In response to Gene at Reliable from the Sept 7 2015 article:
    “I am often requested by my residential customers to bill their business for their monitoring and installation fees.”  
    Yes many alarm companies at the request of the customer bill the business for residential use.  But we all know or should know that the alarm company that does this is aiding and abetting to assist the customer in avoiding IRS and State taxes by swinging a residential nondeductible expense to a deductible business expense.  
    Now the question for the attorney to answer is: can the alarm company be held liable and prosecuted for this?  Is it moral and ethical?(attorney, don’t answer the last question)
    You have a residential subscriber who tells you to bill a business, which in turn pays you.  Is this aiding and abetting tax evasion?  Will you be liable and to whom?  And what about the moral and ethical issues?
    You have no liability to any taxing authority.  You are not engaged in tax evasion.  You have no idea how your residential or commercial subscribers handle their tax obligations or reporting.  Maybe the subscriber is declaring the alarm payments as personal income.  You are not responsible for how someone else deals with their taxes and you have no reason to ask what the relationship is between your residential subscriber and the entity that is being billed and paying you, at least not as far as your concern that you might become an IRS target.
    But there might be other reasons for you to question that billing arrangement.  What happens if you bill and get paid from a corporation, knowing that your alarm services are being performed at a residence, not at the entity's business, and that business subsequently goes bankrupt.  A Bankruptcy Trustee may decide to look into the payments and might claim that the entity received no consideration for its payments, and that might be the case.  The trustee would then demand a refund of all money paid during the statute of limitation period [6 years in NY].  You won't be very happy returning that money.  Perhaps not an everyday occurrence, but something worth considering.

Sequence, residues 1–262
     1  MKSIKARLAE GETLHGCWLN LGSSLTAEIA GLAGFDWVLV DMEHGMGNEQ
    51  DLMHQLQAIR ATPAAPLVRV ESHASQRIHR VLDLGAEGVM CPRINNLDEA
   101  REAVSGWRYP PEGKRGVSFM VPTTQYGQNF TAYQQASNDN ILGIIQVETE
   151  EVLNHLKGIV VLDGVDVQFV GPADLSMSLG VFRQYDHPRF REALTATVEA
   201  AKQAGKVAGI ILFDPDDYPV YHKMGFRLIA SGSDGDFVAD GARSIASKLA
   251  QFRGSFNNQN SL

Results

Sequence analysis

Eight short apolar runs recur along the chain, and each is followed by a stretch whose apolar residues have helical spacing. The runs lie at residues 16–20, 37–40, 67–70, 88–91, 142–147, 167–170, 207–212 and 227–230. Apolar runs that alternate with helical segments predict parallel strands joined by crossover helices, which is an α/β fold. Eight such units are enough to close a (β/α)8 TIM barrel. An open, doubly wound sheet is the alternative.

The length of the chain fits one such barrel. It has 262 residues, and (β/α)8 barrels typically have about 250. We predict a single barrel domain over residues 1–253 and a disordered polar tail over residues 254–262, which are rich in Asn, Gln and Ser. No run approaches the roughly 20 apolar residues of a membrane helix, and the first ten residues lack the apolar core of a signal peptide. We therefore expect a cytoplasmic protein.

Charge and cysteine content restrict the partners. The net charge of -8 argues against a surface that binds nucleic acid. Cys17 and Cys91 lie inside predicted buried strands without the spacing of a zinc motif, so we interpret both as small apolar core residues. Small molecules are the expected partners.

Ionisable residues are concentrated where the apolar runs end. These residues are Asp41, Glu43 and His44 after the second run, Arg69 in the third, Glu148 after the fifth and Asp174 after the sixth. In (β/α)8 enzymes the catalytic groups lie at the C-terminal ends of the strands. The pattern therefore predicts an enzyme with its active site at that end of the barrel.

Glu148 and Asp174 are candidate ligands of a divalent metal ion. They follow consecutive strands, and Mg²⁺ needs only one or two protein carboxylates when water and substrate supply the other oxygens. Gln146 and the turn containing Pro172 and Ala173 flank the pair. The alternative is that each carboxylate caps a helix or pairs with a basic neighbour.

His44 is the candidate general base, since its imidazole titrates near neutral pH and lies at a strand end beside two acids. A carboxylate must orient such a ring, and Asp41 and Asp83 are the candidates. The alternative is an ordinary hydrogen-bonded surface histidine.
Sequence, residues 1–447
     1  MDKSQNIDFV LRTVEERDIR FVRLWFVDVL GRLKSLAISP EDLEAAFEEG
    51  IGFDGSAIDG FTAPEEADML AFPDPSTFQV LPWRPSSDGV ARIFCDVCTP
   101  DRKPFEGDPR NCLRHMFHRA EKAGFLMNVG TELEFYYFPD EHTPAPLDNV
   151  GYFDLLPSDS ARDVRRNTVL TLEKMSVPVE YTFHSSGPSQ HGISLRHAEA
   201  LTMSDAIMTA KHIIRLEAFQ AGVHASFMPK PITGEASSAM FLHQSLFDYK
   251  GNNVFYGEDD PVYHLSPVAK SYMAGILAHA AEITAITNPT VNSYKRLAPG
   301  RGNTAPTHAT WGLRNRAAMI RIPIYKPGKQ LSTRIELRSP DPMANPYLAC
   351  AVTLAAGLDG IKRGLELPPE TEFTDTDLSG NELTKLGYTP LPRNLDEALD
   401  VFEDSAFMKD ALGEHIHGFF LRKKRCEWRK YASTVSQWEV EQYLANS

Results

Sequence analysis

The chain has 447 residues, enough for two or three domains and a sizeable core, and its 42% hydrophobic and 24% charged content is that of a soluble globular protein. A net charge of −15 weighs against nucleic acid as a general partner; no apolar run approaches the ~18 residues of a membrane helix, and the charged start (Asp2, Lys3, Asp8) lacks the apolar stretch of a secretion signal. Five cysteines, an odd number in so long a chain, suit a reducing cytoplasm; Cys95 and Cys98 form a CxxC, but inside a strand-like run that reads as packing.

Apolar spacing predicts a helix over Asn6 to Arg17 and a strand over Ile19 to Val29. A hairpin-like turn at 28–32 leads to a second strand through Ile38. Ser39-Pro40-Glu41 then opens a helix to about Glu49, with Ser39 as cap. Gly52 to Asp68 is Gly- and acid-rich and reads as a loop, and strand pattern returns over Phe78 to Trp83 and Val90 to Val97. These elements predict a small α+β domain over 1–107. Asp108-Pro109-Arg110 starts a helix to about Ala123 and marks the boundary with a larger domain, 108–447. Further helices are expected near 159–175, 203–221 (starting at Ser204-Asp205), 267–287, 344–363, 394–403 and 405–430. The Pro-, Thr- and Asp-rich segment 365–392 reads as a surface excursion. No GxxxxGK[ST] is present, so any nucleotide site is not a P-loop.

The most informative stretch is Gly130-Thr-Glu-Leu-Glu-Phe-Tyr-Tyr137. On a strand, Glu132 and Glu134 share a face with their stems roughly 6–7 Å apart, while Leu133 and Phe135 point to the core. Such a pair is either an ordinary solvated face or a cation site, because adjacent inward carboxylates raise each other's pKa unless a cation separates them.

This issue started with the problem created for the police when subscriber locations are mischaracterized as residential or commercial, causing confusion to responding officers.  I don't think the PD cares who you bill, only how you identify the subscriber on dispatch.
    I mostly like what this Marty Winger has to say [Sept 8 2015 article]. There is a tendency to treat fire protection as if it's comparable to figuring trajectories to Mars. It's good for business but let's get real. I know where smoke sensors go and building electrical inspectors verify installation from start to finish. So if there are dodos out there installing fire protection then the inspection process will catch the errors.